Collin and his family are at Craig Rehabilitation with a Craig infographic visible on the wall behind them. Collin is seated in his wheelchair with short dark hair, light skin, a long-sleeved gray athletic jacket, and shorts. His sister is to his right with a gray long-sleeved shirt, light skin, and blonde hair. His mom behind her is similar in appearance with light skin and blonde hair too. His dad rests his left hand on Collin's shoulder and has light skin, short gray hair, tan pants, and a black quilted cold weather jacket.

And when you get home and want to continue with physical therapy, you realize that so much is out of pocket.

Home care is both hard to find and expensive. Adaptive chairs, bikes, and surfboards could improve his life, but they will cost thousands of dollars each.

Navigating what insurance will cover versus what we need is an ongoing struggle. Here’s just one example. Insurance approved the frame portion of a standing frame—which is a critical piece of equipment that will improve his blood pressure and enhance his health; however, they won’t cover the parts that make the standing frame function.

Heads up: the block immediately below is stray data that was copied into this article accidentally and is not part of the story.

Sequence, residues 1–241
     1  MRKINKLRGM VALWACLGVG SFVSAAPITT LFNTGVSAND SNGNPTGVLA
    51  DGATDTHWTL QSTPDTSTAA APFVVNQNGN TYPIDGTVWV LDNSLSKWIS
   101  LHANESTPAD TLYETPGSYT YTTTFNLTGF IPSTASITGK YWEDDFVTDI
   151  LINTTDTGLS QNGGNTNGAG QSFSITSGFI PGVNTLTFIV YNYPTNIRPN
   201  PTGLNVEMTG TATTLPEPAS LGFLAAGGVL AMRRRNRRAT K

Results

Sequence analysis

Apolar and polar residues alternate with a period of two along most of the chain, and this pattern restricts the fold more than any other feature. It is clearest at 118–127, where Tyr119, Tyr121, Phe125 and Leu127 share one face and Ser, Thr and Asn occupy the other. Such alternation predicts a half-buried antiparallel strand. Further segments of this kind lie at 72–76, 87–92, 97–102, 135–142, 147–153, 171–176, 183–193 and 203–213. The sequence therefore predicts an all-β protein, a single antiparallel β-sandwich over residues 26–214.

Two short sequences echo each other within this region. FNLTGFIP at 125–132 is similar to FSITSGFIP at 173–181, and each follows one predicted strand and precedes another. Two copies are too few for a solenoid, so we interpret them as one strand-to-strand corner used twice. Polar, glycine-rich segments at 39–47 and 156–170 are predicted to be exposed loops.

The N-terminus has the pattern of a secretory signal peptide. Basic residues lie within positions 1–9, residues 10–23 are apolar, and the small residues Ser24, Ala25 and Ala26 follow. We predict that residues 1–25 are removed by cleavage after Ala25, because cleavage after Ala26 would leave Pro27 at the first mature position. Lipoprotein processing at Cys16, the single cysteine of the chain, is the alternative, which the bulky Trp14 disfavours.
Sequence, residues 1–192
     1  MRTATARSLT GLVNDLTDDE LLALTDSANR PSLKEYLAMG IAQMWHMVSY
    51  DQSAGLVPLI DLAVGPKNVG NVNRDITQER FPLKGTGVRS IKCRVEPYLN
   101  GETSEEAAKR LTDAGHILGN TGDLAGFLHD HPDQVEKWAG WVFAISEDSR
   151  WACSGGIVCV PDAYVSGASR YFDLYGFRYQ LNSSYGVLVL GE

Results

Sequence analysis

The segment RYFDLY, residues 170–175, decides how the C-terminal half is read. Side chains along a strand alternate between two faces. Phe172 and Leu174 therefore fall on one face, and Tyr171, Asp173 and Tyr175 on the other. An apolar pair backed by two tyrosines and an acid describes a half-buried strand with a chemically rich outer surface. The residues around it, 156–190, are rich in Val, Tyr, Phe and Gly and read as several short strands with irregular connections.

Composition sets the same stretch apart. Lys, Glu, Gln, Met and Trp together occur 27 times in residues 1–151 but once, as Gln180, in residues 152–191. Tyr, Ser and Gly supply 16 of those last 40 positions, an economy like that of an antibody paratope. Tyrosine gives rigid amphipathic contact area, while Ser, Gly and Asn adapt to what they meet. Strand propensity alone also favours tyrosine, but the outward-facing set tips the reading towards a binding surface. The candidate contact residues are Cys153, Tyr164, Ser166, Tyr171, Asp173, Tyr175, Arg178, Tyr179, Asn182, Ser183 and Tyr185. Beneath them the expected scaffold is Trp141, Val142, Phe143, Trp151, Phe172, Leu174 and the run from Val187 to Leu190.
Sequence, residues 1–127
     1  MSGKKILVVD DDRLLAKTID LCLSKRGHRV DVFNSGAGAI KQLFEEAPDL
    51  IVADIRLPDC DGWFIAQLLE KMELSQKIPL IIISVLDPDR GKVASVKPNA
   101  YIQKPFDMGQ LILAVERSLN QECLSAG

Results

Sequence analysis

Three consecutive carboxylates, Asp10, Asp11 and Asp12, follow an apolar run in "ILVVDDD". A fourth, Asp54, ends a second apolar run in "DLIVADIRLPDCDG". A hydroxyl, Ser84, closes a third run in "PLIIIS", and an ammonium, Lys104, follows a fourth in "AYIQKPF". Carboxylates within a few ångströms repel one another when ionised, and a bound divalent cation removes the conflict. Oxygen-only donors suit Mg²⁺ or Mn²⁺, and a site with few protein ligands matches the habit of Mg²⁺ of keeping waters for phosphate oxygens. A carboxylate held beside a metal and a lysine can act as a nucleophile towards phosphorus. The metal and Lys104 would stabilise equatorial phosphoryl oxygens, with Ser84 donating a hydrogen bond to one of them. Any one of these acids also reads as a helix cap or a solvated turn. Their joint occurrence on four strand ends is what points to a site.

That leaves $6,000 for us out of pocket to actually secure a working standing frame.

Insurance has repeatedly denied our requests to cover an FES bike, which also has proven benefits to help avoid common post-injury issues and encourage long-term health and mobility—that’s $10,000 out of pocket.

Insurance approved only five physical therapy sessions at a time, which caused us to put his ongoing therapy on hold.

Collin and his parents are outdoors with a building and some manicured plants visible behind them in the sun. Collin is a young man with light skin, a ball cap, a gray long-sleeved shirt, and long pants who is seated in his black power chair with a strap across his chest and a neck brace. His mom has light skin and curly blonde hair and wears sneakers, an athletic hoodie, and capri-length athletic pants. His dad wears sneakers, shorts, and a navy t-shirt with a ball cap and sunglasses.

A more aggressive course of physical therapy at a gym is entirely out of pocket at $2,000 every five weeks.

Coming up, our biggest expense will be home help—the support he needs to get up, complete his bowel program, get showered, eat, and get back to bed again at night. We found one company so far that specializes in post-injury care but costs $40 per hour. To find cheaper care, we have to rely on home help without any reliable prior training in Collin’s unique health needs.

Celia Brewer is a friend of my husband’s through work, and her son had an injury years ago and pursued fundraising with Help Hope Live. That’s how we came to the nonprofit ourselves.

We are humble people who don’t like to ask for help—but one thing you learn quickly is to ask and accept help. Collin will need this skill for the rest of his life, so it’s a lesson best learned quickly for all of us.